Laura Ingalls Wilder’s Schoolhouse


Laura Ingalls Wilder




Mood Dependent Memory Recreation


Emotional Absorption with Past Transgressions


Stepping inside


Out and About List



As a young daughter of a settler family, Laura Ingalls Wilder was constantly on the move across the vast American Midwest. They moved from Missouri to Kansas, Minnesota, Iowa and the Dakota Territory in search of a permanent homestead. The family finally settled in De Smet, South Dakota after enduring evictions, blizzards and crop failures.

While living there, Laura met her future husband Almanzo Wilder and briefly taught as an elementary schoolteacher, more out of financial rather than personal choice. However, their early years of marriage were marked by injury, unfortunate accidents and the death of her young son. They later relocated to Missouri and developed a farming estate, which produced only a meager amount at first until they became more experienced and wealthy.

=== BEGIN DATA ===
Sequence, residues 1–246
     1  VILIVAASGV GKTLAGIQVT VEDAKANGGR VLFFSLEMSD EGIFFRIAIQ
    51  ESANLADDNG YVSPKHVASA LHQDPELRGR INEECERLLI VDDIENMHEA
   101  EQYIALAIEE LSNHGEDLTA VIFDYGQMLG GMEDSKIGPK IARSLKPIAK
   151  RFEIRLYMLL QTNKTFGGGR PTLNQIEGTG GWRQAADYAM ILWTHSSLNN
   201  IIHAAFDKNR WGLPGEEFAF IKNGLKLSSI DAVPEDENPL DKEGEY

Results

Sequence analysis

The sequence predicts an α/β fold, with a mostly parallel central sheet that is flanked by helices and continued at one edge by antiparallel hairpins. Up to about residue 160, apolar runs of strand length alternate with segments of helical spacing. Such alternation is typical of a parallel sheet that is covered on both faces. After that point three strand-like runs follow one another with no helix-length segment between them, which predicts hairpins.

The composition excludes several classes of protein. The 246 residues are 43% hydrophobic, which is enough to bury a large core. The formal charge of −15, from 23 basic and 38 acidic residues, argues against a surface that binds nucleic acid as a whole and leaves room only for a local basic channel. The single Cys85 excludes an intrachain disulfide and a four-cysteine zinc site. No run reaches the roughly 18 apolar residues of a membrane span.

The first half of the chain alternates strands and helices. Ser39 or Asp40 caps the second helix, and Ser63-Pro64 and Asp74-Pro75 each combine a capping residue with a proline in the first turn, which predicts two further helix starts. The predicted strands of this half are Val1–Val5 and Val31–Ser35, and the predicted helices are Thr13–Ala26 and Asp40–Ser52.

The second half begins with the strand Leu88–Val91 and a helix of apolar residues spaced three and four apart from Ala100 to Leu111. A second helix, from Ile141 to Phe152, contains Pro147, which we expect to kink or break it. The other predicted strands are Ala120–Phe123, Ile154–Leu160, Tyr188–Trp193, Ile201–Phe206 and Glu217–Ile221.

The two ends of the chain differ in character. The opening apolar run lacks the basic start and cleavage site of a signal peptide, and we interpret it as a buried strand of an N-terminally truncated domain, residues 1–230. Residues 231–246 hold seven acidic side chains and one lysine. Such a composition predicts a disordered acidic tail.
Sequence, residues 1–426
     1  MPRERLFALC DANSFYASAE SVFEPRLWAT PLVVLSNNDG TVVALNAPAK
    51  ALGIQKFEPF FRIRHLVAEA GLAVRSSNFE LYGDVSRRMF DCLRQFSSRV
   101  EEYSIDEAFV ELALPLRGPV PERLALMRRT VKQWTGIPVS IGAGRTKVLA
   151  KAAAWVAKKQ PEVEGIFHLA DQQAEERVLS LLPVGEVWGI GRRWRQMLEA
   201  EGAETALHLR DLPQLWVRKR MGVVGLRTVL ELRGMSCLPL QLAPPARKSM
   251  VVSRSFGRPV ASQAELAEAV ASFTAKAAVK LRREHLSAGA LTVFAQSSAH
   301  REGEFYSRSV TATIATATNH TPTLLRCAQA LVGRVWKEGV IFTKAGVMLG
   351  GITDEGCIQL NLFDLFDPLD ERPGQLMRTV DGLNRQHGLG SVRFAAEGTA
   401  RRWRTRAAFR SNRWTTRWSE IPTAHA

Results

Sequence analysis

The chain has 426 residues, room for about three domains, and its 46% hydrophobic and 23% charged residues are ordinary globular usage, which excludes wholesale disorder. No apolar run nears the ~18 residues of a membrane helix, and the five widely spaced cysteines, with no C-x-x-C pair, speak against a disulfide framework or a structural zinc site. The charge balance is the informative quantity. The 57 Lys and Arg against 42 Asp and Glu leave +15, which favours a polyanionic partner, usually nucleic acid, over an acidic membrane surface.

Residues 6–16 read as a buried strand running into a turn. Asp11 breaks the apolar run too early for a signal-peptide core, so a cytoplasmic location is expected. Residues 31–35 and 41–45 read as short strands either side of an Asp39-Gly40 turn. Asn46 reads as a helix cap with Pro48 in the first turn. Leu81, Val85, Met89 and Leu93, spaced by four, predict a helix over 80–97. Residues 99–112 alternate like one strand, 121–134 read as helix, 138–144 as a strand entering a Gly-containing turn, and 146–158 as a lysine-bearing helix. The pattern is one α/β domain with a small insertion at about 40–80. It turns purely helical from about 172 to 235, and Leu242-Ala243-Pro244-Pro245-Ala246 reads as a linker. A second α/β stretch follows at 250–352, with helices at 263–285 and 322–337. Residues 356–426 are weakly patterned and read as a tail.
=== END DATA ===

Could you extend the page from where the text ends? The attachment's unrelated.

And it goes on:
Taking a position as a column writer, Laura became attracted towards writing her story of living on the frontier from an early age. She took to her memory and penned Little House on the Prairie and its follow-ups, detailing the trials and triumphs of her pioneer life. Edited by her daughter, the series garnered great attention as a literary masterpiece, especially among children’s literature.


Entering recreates projections of the user’s memories upon the walls. It chooses to show the idealized, happy moments when the user is satisfied with life and the more matured, grungier aspects whenever they are experiencing self-pity or regret. If not pulled out by another, the user risks becoming emotionally trapped by the wonderful times and tormented by their biggest turmoils until they complete dissociate with the world.

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